A group that supports gay and transgender young people has warned that some schools are ignoring advice on how to include their transgender students.
InsideOut national co-ordinator Tabby Besley said most transgender students did not feel safe at their schools and there was too much variation in school policies.
A Marlborough Girls College student is currently disputing which bathrooms she can use, while several schools earlier this year brought in gender-neutral bathrooms for students who felt uncomfortable using boys' or girls' rooms.
Ms Besley said bathrooms and uniforms were the most obvious pressure points for transgender students but there was more to it than that.
"So, for example, sports teams is another issue, or how does a young person's name get changed on the school roll, and how do teachers respect if they're using a new name but it's not legally changed."
Students should be allowed to use whatever bathroom and whatever uniform they felt most comfortable with, Ms Besley said.
InsideOut planned to send guidelines to all secondary schools but the Ministry of Education should also be providing direction, she said.
Education Minister Hekia Parata said the ministry had given schools guidance about how to make sure students from diverse backgrounds felt included, but the government could not and would not tell self-managing schools what to do.
On the matter of toilet facilities, she said new school buildings could have self-contained toilets with full-length doors that could be designated unisex, but that was up to schools.
"By and large, I find that schools are very sensible about how they provide for their kids' needs, whether it's in this particular regard or in other ways.
"So I think making some kind of blanket rule or prescription ignores a) the diversity across our system and b) the big dose of common sense that people operate with."
Marlborough Girls College to carry out review
Meanwhile, Marlborough Girls College said it was committed to resolving the dispute with its student, Stefani Rose Muollo-Gray, 16, who started a petition on Tuesday after being told she could not use the girls' toilets.
The college said she had agreed to use the boys' toilets when she enrolled at the school at the start of the year, but Miss Muollo-Gray said in her petition that she had no recollection of that.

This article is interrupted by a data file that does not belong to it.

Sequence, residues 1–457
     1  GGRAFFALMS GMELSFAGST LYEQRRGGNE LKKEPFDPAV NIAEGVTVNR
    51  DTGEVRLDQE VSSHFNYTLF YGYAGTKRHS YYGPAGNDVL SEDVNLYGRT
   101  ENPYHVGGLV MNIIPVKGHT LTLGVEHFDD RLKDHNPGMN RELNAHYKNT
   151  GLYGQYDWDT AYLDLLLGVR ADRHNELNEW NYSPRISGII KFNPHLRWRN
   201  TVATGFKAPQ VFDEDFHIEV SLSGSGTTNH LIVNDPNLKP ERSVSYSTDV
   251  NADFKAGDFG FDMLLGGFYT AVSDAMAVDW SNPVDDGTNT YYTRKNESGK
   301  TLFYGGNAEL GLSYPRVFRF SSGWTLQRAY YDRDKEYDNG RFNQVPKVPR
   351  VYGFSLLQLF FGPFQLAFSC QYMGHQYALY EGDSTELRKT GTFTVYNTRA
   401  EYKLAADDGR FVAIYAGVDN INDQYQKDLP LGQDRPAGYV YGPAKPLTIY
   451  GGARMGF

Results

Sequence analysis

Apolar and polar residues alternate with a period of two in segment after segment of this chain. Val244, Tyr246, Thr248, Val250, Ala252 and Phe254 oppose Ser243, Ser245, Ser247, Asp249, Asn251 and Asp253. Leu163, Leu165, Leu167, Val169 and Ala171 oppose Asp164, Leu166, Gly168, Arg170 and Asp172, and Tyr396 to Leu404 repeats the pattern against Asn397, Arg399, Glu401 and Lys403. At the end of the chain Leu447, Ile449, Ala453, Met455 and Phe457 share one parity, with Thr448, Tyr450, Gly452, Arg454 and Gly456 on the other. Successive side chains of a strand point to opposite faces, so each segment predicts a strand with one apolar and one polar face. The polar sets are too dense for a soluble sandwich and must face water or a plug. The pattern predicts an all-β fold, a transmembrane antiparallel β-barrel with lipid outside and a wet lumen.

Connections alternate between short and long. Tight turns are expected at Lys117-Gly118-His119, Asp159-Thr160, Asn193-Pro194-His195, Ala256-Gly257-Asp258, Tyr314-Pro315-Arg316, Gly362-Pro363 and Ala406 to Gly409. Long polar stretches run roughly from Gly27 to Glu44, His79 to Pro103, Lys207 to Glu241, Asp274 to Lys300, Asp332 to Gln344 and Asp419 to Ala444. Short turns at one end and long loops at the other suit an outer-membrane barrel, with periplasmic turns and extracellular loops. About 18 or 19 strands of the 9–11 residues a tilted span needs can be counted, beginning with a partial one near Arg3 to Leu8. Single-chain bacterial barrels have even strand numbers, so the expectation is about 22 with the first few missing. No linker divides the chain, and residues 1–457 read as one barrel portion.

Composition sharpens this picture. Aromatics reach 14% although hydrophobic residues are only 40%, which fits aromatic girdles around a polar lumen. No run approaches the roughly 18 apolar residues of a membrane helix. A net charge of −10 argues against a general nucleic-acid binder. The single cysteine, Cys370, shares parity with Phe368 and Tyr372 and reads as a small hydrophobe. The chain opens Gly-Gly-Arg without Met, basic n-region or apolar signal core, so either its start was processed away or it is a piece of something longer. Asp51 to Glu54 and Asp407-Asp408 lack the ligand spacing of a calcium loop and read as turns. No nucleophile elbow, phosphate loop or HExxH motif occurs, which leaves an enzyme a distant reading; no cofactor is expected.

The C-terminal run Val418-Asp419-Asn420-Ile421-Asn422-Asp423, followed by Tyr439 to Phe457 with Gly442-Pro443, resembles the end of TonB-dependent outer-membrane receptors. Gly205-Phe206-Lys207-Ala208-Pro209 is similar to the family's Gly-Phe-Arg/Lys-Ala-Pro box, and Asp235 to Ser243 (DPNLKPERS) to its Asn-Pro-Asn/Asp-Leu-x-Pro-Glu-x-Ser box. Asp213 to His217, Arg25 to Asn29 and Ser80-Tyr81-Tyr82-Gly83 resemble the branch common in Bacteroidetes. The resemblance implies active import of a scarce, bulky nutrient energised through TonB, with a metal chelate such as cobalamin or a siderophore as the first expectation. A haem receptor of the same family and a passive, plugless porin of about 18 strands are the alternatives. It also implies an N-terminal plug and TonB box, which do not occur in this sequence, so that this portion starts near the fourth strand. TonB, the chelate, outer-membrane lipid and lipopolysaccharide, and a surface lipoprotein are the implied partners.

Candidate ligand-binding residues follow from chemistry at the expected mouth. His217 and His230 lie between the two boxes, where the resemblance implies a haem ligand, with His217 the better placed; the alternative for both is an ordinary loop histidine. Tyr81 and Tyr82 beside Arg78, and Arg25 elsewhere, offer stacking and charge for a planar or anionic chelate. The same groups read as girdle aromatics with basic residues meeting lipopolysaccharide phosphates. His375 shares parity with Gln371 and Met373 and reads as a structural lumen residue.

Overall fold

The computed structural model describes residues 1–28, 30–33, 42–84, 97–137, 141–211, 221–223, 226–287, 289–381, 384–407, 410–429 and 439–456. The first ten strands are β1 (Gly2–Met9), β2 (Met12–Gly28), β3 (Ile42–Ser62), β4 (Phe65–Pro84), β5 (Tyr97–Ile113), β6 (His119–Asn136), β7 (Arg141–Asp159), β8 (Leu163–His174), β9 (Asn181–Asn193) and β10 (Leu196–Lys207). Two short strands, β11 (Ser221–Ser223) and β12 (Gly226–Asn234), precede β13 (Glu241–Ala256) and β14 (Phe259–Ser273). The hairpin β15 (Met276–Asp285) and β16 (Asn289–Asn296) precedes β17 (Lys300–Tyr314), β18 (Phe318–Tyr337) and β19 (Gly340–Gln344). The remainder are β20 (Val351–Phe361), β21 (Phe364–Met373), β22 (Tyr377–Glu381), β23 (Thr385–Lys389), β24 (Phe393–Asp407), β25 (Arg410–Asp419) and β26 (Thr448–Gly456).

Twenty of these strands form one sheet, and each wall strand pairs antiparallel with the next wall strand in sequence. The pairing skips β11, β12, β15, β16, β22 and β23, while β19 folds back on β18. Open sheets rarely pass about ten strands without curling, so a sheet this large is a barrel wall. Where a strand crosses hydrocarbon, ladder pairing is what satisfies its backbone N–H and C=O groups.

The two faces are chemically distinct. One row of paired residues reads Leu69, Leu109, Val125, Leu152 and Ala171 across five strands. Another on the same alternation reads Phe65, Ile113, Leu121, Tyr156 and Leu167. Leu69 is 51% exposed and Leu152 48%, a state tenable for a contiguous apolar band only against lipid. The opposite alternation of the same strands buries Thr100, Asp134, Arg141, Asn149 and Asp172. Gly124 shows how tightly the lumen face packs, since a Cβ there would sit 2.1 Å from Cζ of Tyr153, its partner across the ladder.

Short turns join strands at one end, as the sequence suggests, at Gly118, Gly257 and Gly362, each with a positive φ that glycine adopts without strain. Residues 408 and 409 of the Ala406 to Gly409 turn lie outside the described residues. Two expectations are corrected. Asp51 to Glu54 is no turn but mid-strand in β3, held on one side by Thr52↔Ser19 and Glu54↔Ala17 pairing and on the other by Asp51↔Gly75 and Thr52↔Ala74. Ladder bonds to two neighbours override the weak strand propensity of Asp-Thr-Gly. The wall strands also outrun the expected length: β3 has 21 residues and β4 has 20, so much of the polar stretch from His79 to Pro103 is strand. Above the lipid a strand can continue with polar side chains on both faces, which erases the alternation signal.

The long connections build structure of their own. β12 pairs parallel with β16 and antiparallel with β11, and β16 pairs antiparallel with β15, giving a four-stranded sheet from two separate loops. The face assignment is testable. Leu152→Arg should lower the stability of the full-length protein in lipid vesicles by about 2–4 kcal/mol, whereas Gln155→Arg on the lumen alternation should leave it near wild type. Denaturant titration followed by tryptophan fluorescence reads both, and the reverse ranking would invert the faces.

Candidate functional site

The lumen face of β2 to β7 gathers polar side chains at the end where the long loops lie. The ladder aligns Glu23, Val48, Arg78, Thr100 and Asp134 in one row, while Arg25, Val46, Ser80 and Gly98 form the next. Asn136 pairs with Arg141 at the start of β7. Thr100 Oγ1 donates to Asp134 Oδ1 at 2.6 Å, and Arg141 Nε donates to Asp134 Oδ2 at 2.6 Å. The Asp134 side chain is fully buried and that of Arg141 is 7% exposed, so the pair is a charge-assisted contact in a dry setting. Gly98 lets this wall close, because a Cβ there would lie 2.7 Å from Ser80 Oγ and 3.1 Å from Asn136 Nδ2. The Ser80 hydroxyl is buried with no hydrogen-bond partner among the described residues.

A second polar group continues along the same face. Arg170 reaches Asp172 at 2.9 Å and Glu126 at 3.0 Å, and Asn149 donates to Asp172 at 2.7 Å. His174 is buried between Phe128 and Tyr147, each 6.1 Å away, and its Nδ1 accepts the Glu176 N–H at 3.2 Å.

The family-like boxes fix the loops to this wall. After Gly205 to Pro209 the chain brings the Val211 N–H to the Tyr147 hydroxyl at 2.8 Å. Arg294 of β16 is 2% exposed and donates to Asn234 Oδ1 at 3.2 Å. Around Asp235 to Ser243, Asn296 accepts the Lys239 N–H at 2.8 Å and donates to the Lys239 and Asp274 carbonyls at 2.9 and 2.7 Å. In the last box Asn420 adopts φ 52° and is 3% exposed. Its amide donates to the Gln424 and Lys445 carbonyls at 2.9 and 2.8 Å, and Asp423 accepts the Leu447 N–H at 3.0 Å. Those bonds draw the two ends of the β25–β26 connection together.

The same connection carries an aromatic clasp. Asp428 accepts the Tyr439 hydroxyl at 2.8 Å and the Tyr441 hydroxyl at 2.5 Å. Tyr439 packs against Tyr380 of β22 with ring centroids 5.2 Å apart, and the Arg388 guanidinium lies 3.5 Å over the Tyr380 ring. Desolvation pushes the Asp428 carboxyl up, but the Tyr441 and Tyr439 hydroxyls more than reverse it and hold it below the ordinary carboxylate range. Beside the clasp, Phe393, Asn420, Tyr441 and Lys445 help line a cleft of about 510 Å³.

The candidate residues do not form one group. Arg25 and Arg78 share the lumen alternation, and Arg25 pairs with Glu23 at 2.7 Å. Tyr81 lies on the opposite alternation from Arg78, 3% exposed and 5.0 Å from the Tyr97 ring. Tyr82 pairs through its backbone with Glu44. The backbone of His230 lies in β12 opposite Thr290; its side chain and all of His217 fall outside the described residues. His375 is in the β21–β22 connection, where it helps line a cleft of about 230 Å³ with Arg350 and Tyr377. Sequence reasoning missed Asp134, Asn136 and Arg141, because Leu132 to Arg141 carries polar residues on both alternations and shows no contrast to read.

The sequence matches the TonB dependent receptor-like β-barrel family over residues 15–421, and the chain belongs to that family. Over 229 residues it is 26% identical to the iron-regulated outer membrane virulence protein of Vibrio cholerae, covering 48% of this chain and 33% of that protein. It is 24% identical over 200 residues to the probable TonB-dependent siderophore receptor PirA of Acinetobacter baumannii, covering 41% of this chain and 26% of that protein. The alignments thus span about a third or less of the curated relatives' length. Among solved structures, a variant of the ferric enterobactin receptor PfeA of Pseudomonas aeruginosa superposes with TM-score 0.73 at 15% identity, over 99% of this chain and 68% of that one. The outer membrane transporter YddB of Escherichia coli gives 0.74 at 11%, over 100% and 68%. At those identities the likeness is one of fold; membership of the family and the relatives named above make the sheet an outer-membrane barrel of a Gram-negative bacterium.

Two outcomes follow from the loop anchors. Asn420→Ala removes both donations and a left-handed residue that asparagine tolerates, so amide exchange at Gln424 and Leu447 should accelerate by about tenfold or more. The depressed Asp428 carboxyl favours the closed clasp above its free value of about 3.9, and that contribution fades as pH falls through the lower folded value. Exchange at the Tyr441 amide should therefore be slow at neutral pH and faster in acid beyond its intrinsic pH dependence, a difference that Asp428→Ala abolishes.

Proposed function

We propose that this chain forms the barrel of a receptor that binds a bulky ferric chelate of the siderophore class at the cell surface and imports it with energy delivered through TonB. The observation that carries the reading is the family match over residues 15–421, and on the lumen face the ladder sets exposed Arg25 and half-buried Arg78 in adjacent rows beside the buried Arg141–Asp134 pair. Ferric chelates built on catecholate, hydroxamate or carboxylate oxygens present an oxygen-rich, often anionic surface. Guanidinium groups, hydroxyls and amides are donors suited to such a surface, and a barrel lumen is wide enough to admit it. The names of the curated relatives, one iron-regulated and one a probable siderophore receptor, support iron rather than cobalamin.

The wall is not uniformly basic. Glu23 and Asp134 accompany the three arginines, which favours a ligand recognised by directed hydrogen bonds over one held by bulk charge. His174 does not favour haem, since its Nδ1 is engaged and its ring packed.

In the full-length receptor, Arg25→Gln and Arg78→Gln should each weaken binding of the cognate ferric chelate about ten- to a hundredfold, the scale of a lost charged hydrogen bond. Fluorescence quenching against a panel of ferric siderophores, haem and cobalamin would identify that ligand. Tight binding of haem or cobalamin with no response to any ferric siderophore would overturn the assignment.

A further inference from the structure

The school's acting principal, Jo Chamberlain, said like other New Zealand schools the college was trying to get to grips with transgender issues and it wanted to do the right thing.
"We certainly don't want this student or any other student feeling unwelcome at this school, and so we're reviewing the original plan and seeing what we can do in terms of looking at the matter again and looking at the potential solutions."
Ms Chamberlain said the school had sought advice before it enrolled Miss Muollo-Gray and she was not sure it would be helpful to have directives from the ministry about what schools should and should not do.
"We've monitored the situation regularly during the period she's been in the school and it seems to have been going really well until recently."
Ms Chamberlain said the school had designated some toilets as unisex within a day of the problem being raised, and she said more would be done.
"I hope that that will be really helpful because it provides all of our students with choices."
Ministry of Education head of sector enablement and support Katrina Casey said the ministry had contacted the school and offered support.
She said the ministry provided schools with guidance, including sexuality guidelines for the health and well-being part of the curriculum, and bullying programmes and advice.
Ms Casey said the bullying advice was being updated to include more information about the experiences of young people who were lesbian, gay or transgender.